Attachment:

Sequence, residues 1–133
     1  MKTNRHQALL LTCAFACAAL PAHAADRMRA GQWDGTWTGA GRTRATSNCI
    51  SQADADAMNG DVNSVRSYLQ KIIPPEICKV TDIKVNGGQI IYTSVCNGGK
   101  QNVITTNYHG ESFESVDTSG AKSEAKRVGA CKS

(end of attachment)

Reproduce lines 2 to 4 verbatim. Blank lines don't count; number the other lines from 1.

     1  MKTNRHQALL LTCAFACAAL PAHAADRMRA GQWDGTWTGA GRTRATSNCI
    51  SQADADAMNG DVNSVRSYLQ KIIPPEICKV TDIKVNGGQI IYTSVCNGGK
   101  QNVITTNYHG ESFESVDTSG AKSEAKRVGA CKS